- The rates of initiating breastfeeding exceed the CDC’s Healthy People 2020 objectives while the rates for sustaining breastfeeding for six months drop 20 percent below the national goal.
- The Houston area fares better than the state and national averages when it comes to obesity among teens. In Houston, 11 percent of teens are considered obese, compared to 14 percent statewide and 12 percent nationwide.
- The Downtown-East End areas have the highest proportion of children ages 12-17 at an unhealthy weight combined with the greatest density of fast food establishments.
- Crime is a concern for 26 percent of residents. Almost 1 in 5 residents have concerns about their drinking water, dumping and being exposed to air pollution due to traffic.
“The data captured in this survey is certainly invaluable to the Houston community in many ways. It’s important, however, to remember that this survey is just a baseline,” said Roberta B. Ness, M.D., M.P.H., dean of the UT School of Public Health and vice president for innovation at UTHealth. “With each subsequent Health of Houston survey that is completed, Houstonians will learn more and more about needs in specific areas of the community. Our goal at the UT School of Public Health is to keep this survey active for years to come.” Ness added that additional research funding will be needed to sustain the survey going forward.
Survey results will be used to support the efforts of health agencies, service providers and community organizations, giving them more accurate and up-to-date health information on residents across neighborhoods in Harris County. For example, if there is a high concentration of residents affected by diabetes in an area that lacks adequate health care services, local organizations can use this information to apply for grants and assistance to establish clinics and prevention programs. Health agencies could send resources to the area.
To ensure a comprehensive look at a broad range of health conditions affecting the Greater Houston population, UTHealth researchers sought input from more than 150 organizations on topics to be included in the survey. Collaborating organizations include the Harris County Healthcare Alliance, Gateway to Care, OneVoice, the Houston Department of Health and Human Services, Harris County Public Health and Environmental Services, St. Luke’s Episcopal Health Charities and neighborhood and civic associations.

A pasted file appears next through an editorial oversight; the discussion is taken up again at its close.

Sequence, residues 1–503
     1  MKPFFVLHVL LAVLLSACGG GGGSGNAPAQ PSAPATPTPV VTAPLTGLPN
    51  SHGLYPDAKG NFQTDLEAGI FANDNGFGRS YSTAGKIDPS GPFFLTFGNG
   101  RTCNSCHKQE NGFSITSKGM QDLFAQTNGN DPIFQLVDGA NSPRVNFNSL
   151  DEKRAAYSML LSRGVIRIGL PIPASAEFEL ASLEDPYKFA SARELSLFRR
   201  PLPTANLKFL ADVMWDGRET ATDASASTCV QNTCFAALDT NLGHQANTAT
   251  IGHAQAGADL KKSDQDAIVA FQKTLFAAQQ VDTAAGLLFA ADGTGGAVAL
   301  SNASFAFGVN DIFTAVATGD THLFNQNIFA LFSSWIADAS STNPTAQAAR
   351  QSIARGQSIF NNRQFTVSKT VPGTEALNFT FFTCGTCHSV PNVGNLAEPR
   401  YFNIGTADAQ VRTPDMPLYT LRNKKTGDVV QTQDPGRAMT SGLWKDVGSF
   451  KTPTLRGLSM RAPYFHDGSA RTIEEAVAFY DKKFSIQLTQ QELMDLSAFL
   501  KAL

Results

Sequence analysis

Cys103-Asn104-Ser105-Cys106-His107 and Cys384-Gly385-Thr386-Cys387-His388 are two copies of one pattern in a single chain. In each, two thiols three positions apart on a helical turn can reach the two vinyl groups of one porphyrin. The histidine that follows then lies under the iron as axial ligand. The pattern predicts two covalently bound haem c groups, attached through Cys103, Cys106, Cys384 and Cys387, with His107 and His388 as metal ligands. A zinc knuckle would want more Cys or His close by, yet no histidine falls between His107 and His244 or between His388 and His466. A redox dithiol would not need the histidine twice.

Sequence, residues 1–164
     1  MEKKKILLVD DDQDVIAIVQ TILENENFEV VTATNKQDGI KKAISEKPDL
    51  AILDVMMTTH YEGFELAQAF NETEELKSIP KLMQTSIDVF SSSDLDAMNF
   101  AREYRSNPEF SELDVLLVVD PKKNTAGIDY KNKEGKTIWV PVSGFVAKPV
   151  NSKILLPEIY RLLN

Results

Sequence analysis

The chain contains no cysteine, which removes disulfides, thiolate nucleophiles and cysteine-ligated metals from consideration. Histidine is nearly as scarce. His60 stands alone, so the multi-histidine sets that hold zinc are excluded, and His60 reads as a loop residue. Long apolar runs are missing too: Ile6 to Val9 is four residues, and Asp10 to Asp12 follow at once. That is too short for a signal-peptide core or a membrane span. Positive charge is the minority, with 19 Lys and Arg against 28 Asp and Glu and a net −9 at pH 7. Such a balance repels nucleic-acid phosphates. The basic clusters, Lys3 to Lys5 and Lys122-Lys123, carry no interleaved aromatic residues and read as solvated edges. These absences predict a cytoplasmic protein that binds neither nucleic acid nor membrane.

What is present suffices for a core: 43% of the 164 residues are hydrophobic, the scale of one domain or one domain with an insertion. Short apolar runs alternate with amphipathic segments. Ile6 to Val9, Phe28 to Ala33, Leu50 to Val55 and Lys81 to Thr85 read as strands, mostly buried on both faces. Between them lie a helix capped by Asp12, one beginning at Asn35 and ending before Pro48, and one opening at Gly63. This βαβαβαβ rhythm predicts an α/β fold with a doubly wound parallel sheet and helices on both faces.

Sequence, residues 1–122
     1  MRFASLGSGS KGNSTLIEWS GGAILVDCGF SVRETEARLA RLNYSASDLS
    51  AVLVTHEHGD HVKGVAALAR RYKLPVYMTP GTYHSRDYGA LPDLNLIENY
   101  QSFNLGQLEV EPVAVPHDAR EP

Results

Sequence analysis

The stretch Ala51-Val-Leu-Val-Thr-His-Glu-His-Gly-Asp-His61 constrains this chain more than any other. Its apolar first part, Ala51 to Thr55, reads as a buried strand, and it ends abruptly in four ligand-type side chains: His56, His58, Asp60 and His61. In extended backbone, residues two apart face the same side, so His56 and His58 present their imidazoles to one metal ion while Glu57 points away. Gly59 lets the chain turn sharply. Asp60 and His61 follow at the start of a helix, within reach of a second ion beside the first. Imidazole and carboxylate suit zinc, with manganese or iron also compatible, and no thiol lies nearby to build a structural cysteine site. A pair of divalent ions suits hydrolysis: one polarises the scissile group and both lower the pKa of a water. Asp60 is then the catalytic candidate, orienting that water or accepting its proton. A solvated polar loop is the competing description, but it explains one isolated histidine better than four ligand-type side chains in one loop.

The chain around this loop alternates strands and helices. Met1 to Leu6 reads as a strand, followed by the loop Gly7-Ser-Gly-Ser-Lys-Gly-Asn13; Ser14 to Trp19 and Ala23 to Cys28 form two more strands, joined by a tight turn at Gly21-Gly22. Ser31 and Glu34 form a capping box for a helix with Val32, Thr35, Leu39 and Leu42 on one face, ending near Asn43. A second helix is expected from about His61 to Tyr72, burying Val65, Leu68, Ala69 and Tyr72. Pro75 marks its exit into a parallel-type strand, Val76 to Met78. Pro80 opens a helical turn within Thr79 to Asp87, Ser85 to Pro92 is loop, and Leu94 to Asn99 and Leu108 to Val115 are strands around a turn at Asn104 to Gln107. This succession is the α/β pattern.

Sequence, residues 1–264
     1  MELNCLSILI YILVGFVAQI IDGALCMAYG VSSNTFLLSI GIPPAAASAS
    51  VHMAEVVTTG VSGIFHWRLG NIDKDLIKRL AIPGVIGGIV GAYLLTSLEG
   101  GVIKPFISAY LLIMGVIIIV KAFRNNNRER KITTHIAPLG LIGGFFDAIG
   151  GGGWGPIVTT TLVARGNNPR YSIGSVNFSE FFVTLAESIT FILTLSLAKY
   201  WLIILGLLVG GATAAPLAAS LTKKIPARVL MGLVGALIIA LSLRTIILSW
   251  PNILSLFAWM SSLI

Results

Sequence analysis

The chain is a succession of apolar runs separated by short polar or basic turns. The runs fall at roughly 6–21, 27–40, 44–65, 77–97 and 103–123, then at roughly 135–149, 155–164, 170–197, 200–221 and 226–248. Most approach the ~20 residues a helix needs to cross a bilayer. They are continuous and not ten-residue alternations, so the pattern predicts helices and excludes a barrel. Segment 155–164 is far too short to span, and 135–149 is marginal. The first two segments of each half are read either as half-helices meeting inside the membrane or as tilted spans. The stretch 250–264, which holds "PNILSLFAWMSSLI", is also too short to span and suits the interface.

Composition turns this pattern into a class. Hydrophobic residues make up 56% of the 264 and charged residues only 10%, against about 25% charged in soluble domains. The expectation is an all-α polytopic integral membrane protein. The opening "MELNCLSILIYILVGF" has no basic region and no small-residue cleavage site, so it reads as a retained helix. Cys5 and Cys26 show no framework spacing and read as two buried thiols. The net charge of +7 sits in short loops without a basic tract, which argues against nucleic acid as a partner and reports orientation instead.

“The Health of Houston survey is a great tool that, if used well, can help our community plan better to close gaps in health care services and make us better understand the effect of socioeconomic factors on Houston residents’ health,” said Raouf Arafat, M.D., M.P.H., assistant director of the Houston Department of Health and Human Services.
Linder believes the Health of Houston Survey is a first step in documenting pathways to a healthier future through a reliable, efficient and flexible system for tracking emerging health issues, assessing the impact of health programs and documenting health improvements.
The Health of Houston Survey received support from the UTHealth Center for Clinical and Translational Sciences. A follow-up survey is planned for 2012-2013. The Institute for Health Policy survey team includes Linder; Dritana Marko, M.D., faculty associate; Jessica Tullar, Ph.D., faculty associate; Tom Reynolds, Ph.D., research associate; Amy Beaven, research associate; Ashish Deshmukh, graduate assistant; and Chris Manuel, graduate assistant, as well as Larissa Estes, DrPH, of the City of Houston Department of Health and Human Services
About the Institute for Health Policy: The Institute for Health Policy was established to assist researchers in translating their technical findings into usable advice for program administrators and practical recommendations for health policymakers. The primary mission of the Institute for Health Policy is to meet this challenge by translating research findings into practical advice for problem solving and by fostering more productive exchanges between academic researchers and public policymakers.